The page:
Reading habits

… you would know with a book you love:
How nothing held your eyes
The way the words did, with archer-focus:
How each arrow heading toward you
Was slowed by the dripping beehive
On its spike—
– from “Honey/Manila Portfolio” by Farnoosh Fathi

“The love of books. My library is an archive of longings.”
– Susan Sontag

1.
What are you reading these days? he asks. By reading, he means, of course, for leisure.

I say, David Harvey’s A Brief History of Neoliberalism, Jonathan Crary’s 24/7: Late Capitalism and the Ends of Sleep, and Paulo Freire’s Pedagogy of the Oppressed.

What? Why? His face, incredulous.

At first I think to reply, Why not, then I realize the import of his query.

2.
There were years when I read a minimum of seven poems a day, upon waking, during mealtime breaks, before sleep. There were years when I recited Sylvia Plath while running. There were years when I felt like my thoughts, my impressions and expressions, my dreams waxed poetic, or maybe that was mere vanity. In any case, I live prosaic days now, and call it names like focus, usefulness, and duty. I read articles on violence, death, and violent deaths, sleep late, and never have nightmares. Sometimes I kind of miss wresting myself awake, heart racing, from images of chopped-off heads and limbs strewn on the ground in a forest clearing, ruby-eyed crows pecking at soiled, ripped skirts in bloodstained kitchens.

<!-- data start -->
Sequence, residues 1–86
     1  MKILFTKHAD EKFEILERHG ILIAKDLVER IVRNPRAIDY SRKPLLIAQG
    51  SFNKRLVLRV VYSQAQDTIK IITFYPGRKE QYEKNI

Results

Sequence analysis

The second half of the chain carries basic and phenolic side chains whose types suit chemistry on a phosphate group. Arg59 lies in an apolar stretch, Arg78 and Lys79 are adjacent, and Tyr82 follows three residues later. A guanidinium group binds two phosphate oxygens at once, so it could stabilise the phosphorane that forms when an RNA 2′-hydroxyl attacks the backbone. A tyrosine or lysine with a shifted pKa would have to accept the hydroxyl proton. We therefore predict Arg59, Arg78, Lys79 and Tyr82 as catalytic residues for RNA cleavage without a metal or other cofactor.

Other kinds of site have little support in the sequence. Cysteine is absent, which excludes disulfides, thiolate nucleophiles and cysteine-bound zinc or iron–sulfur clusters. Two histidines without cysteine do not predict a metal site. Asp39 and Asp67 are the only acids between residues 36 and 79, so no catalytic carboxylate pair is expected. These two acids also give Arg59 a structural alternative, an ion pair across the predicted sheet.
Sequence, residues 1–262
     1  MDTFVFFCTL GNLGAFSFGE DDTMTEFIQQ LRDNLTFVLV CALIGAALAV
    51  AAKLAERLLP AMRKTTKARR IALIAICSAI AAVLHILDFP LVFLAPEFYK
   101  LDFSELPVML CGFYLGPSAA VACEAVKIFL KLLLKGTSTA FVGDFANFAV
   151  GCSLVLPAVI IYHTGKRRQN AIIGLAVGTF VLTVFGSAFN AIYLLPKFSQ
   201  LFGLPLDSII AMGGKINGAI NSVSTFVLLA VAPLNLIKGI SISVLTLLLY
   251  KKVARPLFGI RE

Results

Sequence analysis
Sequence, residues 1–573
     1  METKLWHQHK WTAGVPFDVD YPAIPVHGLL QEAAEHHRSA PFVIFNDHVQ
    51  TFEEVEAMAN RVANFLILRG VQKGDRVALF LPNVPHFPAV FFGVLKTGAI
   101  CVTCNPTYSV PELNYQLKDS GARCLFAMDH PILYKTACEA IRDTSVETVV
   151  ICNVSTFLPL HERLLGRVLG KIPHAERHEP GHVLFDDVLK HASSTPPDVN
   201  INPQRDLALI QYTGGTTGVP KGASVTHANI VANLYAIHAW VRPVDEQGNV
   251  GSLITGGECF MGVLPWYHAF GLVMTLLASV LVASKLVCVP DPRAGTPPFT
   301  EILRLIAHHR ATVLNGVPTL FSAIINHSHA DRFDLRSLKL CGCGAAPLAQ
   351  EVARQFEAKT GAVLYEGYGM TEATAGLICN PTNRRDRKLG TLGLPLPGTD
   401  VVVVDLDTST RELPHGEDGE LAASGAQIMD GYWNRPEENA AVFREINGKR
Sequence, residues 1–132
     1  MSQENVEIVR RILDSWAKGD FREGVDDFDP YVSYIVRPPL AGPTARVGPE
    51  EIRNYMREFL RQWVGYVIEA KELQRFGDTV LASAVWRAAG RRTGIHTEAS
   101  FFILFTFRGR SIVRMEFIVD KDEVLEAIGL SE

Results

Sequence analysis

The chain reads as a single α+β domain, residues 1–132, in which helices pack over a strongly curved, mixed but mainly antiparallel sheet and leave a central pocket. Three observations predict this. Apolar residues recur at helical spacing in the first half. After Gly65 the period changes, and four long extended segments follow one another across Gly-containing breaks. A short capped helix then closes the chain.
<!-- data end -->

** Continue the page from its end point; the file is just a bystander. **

3.
He tells her to read Terry Pratchett. I concur, and say, read Small Gods for a critique of religion, and Feet of Clay for a critique of racism, capitalist relations, and class hierarchy. They look at me, and then at one another. He says, I like Color of Magic for worldbuilding. I say, Pratchett is very funny — it’s so hard to be funny.

I feel boring, but even I don’t wait for my personality to seem interesting again.

4.
I ask her why she hasn’t finished her master’s thesis. It’s been years, I say. Your argument on Kantian freedom is ripe and perspicuous. She says, I have yet to read enough poems — I am still collecting words.